First, a quick disclaimer; this is based on my personal experiences and in no way reflects the opinions of anyone else or any other organisation than Gaia Resources.
Life Science IDentifiers, which are a type of unique identifier, have been around for a while. I’m not professing to know them particularly well, but I understand the need for the basic service they provide: uniquely identifying a “thing”, and allowing you to find out more about it. Let’s leave it at that simple definition for now – if you want to know more about them, there are better places to go than here!
People who are smarter than I have explained the problems with LSIDs well (such as Roger Hyam and Rod Page). It seems that there is a recurring argument about if these should be used, or if a different technology should be employed. I posted a short comment in my last blog post that the time for this argument is past, and I still stick by that.
I have had the wonderful responsibility of representing the Western Australian Museum at the Faunal Collections Informatics Group (FCIG) meetings, one of which is coming up next week in Launceston (so there’s another couple of airports in my near future). This group is where a number of the bioinformatics people from institutions around Australia who manage fauna collections (e.g. Museums) get together to work together towards solving some of the challenges we all face. LSIDs are one of those challenges.
I think, as a social and technical community, FCIG has come up with a good, solid social solution for implementing LSIDs. One of the products of the FCIG group has been the Online Zoological Collections of Australian Museums (OZCAM), which while looking a bit outdated now, has been a great focal point. Some of the people that put OZCAM together may no longer be at FCIG meetings, but the legacy that they have left is very valuable. The primary value I personally see in OZCAM is that it has become a central point to access the collections across the fauna collections of Australia – and that gives us an opportunity to at least try to play smart with LSIDs.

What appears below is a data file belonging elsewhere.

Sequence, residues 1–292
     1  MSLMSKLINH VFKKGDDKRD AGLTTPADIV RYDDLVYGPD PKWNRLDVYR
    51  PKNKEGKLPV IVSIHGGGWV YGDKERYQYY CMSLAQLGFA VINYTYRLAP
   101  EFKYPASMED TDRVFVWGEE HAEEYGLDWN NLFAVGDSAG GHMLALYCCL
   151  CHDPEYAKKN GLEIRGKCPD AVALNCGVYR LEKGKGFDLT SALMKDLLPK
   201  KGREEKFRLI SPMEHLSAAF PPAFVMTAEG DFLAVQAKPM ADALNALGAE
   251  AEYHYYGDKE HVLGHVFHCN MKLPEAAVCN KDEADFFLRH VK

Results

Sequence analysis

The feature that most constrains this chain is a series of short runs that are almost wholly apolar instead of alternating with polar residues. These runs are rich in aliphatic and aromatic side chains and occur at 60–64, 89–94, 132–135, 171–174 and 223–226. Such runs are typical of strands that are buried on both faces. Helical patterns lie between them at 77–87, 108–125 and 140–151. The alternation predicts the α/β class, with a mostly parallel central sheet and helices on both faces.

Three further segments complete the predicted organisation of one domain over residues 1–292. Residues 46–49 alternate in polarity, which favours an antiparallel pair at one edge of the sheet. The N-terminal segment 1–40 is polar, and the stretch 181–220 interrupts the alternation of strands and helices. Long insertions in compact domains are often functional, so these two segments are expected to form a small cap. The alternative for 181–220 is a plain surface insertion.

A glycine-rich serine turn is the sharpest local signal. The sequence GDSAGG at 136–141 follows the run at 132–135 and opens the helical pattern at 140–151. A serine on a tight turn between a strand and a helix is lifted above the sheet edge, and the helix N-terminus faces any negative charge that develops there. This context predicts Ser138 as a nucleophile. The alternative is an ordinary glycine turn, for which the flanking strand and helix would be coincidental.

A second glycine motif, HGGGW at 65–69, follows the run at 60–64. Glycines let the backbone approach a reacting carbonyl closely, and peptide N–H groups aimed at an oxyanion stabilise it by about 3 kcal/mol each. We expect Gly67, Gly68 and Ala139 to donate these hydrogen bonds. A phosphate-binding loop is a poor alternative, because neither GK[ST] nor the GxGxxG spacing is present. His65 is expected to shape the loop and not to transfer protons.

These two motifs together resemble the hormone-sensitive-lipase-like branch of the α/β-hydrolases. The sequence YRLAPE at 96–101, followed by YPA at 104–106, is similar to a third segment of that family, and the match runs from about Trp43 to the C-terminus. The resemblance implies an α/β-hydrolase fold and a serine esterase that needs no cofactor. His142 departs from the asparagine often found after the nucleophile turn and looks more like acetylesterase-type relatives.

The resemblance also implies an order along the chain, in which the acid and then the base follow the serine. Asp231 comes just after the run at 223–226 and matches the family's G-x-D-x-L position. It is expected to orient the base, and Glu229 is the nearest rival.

The technical requirements of getting data to OZCAM has been hard enough for the contributing organizations, and FCIG members have worked hard as a community to overcome those (and I’m proud that Gaia Resources has been able to help with tools such as HermesLite). So now FCIG members have some options to get data from their institutions to OZCAM, and this data is now arriving with LSIDs in them – but how do they get resolved? There’s not much of a chance that all of the member institutions can get LSIDs to resolve (which is the tricky part, not just in the first instance, but consistently over time).
So the FCIG members at the TDWG conference in Fremantle last year had a bit of a brainstorming session (with appropriate levels of caffeine). Out of that, we thought FCIG should be able to leverage OZCAM to help with LSIDs. So the plan was hatched to use the OZCAM domain to resolve the LSIDs for all FCIG member institutions by using the OZCAM domain in all of the member LSIDs. It seems to makes sense – the institutions can pool their minimal resources, and you can still identify each institution with other components of the LSIDs. Well, it seems to be a sensible solution, but I’m sure there’s problems in there that haven’t been spotted yet.
One of the issues that FCIG members still face is the lack of resources to accomplish things such as getting the LSID resolvers up and running. It’s a consistent issue facing FCIG member institutions – this lack of resources means that much of the collections in these institutions around Australia is not captured digitally.
LSIDs are as much a social issue as they are a technical issue. In this example, though, it’s pretty clear to me that FCIG has managed to solve the social issues, and once the resources can be found, the technical issues should fall by the wayside too.
Anyway, I’m really looking forward to having another good ol’ chinwag with the FCIG crew in Tasmania next week – right before I race to Brisbane with Mel and Akeal to meet up with the Zonae Cogito developers at University of Queensland, and chalk up another capital city for the year.
Folllow up edit: Check out Roger Hyam’s zen take on GUID persistance: http://www.hyam.net/blog/archives/346
If you have comments on this, feel free to email me.